Associate Professor of Biological Sciences
BA, University of Missouri at Columbia
MA, PhD, Cornell University
Office: Science III - G88
Cell structure and biology of the algae
I have a special interest in the unique intercellular connections, called pit plugs, found in red algae. My explorations of structural variation of pit plugs has involved study of over 180 species from around the world, and this work has contributed significantly to reorganization of the ordinal classification of red algae. However, many questions concerning the development, structure, and function of these intriguing connections remain. Other projects have addressed chloroplast structure, differentiation and germination of spores, cell wall calcification, protein storage, fungal and viral infections, and calcium oxalate mineralization.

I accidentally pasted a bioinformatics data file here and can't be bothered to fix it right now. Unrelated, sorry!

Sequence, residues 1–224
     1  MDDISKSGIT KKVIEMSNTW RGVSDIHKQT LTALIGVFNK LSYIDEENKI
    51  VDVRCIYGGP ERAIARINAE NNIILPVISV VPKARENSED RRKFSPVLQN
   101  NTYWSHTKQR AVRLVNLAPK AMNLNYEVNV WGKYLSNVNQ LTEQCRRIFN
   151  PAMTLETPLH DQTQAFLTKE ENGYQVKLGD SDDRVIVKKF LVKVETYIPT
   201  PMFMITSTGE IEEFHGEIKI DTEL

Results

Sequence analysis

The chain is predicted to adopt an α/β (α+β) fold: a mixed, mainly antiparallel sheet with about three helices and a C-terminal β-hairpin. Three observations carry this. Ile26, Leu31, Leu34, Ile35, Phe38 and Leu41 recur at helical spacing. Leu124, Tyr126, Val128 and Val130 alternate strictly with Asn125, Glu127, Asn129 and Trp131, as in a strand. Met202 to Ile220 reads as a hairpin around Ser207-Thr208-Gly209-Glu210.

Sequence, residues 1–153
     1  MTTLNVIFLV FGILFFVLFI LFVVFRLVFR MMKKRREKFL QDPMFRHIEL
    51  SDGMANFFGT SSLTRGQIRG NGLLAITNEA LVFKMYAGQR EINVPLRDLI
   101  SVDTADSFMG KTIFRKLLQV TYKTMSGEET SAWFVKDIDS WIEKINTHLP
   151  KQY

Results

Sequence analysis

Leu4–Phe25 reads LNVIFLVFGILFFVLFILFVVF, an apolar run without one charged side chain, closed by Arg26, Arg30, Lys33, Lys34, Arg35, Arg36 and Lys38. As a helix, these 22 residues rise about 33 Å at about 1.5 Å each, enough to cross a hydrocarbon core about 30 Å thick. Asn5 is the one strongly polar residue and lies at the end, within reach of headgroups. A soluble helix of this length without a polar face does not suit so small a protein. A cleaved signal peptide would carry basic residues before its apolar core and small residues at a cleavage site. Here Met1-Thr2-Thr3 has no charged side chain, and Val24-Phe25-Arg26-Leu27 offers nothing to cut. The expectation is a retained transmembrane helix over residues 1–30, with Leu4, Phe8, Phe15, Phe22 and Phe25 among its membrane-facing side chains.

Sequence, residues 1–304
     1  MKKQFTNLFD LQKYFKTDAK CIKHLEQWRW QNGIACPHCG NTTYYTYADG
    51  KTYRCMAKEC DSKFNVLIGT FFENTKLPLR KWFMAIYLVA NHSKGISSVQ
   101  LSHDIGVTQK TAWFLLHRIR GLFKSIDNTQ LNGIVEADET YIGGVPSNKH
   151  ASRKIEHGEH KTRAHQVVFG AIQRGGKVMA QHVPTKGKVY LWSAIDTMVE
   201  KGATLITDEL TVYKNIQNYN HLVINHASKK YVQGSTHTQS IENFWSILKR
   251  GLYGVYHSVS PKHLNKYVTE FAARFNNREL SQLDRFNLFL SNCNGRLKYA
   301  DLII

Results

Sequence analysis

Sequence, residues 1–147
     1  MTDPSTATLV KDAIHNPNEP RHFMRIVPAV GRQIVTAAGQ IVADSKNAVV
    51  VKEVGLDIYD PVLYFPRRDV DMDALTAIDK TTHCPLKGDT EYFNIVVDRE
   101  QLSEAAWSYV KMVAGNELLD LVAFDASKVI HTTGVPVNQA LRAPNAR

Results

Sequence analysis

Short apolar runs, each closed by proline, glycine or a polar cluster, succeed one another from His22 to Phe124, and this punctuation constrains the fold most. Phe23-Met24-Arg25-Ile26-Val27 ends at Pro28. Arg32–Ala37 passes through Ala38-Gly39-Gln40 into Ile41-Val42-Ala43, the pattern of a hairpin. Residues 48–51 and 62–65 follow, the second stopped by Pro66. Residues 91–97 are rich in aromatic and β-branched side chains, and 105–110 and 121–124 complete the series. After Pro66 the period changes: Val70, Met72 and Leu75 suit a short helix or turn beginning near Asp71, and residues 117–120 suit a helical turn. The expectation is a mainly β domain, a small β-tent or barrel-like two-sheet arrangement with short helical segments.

Increasingly, my interest has been drawn to the ecology of one of the most important groups of red algae, the heavily calcified Corallinales (http://www.botany.uwc.ac.za/clines/tem2.htm). Members of this order occupy more hard substrate in the marine environment than any other group of macroscopic organisms. We are studying cell fine structure to elucidate the mechanisms by which coralline algae respond to important environmental factors, such as grazing, surface fouling, and infra- and interspecific competition for substratum.
Last Updated: 8/25/09